Read Comments (3)

Mike55Dec 19, 2017

So now Joe pays less tax, with no meaningful increase to the complexity of his returns or inputs required. To me this sounds good for Joe, but your tone implies you believe otherwise. What am I missing here?

As a tax policy matter I'm not sure I like this rule. I mean perhaps Joe would use his extra cash to buy a high quality rooter -- thereby achieving a minor net efficiency gain -- but that sort of thing strikes me as tenuous when I think about Joe's "real world" incentives. But when viewed strictly from Joe's perspective it's hard to understand how what you describe is not 100% upside.....

Travis RechDec 19, 2017

He is insulated from the increased complexities and murky rules by his evidently very effective CPA and the fees he is paying her.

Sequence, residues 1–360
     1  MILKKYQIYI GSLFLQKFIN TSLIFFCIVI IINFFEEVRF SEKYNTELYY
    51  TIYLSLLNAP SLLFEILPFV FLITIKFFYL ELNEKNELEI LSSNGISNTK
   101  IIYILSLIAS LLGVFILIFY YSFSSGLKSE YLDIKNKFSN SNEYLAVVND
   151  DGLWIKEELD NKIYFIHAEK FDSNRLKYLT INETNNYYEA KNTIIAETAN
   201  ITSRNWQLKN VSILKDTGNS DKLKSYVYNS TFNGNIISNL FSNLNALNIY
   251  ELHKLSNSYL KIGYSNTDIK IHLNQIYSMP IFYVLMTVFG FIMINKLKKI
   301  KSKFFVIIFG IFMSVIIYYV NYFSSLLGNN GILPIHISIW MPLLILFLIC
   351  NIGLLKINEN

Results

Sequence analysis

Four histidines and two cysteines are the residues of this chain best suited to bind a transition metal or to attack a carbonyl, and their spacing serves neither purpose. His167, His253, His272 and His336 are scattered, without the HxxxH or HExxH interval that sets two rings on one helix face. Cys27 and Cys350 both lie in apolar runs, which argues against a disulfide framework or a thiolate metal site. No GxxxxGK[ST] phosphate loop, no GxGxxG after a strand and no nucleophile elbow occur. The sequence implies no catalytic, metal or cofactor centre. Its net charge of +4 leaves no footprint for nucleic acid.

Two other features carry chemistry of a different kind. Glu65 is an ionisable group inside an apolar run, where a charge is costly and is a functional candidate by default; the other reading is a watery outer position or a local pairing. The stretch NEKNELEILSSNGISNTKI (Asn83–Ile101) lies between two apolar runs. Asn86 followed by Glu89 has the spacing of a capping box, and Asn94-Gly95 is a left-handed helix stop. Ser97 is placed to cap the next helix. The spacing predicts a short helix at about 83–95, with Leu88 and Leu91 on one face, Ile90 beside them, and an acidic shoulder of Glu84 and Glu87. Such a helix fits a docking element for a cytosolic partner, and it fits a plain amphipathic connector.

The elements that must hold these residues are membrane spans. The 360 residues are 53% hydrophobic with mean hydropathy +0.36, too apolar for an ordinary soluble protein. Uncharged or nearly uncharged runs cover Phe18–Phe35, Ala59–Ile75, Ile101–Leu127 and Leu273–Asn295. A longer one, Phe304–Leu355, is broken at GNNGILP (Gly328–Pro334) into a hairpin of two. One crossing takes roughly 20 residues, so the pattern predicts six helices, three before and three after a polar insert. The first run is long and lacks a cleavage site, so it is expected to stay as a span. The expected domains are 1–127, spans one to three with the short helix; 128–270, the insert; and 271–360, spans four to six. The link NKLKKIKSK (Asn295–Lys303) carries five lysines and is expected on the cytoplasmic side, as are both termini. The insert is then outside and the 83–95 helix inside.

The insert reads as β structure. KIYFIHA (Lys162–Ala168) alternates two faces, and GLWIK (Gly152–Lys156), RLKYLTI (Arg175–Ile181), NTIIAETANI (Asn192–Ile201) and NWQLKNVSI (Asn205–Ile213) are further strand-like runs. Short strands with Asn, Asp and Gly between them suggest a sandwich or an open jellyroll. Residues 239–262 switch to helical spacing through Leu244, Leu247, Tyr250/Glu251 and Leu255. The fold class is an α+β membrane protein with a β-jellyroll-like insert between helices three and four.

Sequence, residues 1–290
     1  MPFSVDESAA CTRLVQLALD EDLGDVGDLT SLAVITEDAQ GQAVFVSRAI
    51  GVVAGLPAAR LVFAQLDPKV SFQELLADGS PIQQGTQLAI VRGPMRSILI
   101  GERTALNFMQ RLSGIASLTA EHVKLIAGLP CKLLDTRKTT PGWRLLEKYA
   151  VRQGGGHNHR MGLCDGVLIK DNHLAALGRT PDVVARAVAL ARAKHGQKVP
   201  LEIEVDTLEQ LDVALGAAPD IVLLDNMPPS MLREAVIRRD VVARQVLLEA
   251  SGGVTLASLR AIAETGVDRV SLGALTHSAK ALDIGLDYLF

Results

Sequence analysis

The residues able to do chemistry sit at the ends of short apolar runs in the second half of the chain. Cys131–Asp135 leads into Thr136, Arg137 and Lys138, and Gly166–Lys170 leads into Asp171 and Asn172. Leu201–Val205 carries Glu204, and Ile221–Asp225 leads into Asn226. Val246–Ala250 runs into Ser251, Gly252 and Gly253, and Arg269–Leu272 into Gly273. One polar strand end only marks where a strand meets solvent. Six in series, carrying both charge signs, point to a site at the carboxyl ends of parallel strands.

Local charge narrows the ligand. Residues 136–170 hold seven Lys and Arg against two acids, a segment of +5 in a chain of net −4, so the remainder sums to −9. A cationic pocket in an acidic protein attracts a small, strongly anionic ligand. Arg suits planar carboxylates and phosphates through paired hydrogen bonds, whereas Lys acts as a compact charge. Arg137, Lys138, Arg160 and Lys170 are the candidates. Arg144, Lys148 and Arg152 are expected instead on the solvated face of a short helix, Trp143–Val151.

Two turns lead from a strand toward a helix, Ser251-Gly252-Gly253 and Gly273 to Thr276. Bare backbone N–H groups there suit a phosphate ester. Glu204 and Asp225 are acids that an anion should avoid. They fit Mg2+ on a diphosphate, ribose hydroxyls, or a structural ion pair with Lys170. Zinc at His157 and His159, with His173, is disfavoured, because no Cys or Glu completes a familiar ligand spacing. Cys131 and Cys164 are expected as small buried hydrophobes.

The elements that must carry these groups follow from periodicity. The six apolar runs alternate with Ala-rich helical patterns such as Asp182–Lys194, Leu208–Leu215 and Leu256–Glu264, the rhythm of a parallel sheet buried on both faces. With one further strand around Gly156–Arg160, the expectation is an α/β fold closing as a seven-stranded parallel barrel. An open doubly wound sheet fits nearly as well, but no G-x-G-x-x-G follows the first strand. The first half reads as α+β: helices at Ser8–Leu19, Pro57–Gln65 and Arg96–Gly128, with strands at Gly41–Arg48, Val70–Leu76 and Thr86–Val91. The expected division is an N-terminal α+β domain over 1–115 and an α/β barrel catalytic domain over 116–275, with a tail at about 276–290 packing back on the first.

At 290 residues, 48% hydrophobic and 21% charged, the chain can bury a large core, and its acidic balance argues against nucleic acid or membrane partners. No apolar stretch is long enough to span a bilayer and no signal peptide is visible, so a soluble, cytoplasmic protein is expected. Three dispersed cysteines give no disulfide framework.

Mike55Dec 20, 2017

Every single requirement or concept listed either (1) exists under current law, or (2) is 4th grade level arithmetic. Much of it was previously used for a different purpose or would have occurred at a different point in the lifecycle of Joe's business, but none of it is new.

Republicans promised to dramatically reduce the complexity of the tax code and failed. Instead they kept the level of complexity unchanged. That ought to be enough to satisfy the political needs of the Left. No need to pretend Joe the plumber was filling out his tax return on a post card before, and is now drowning in complexity.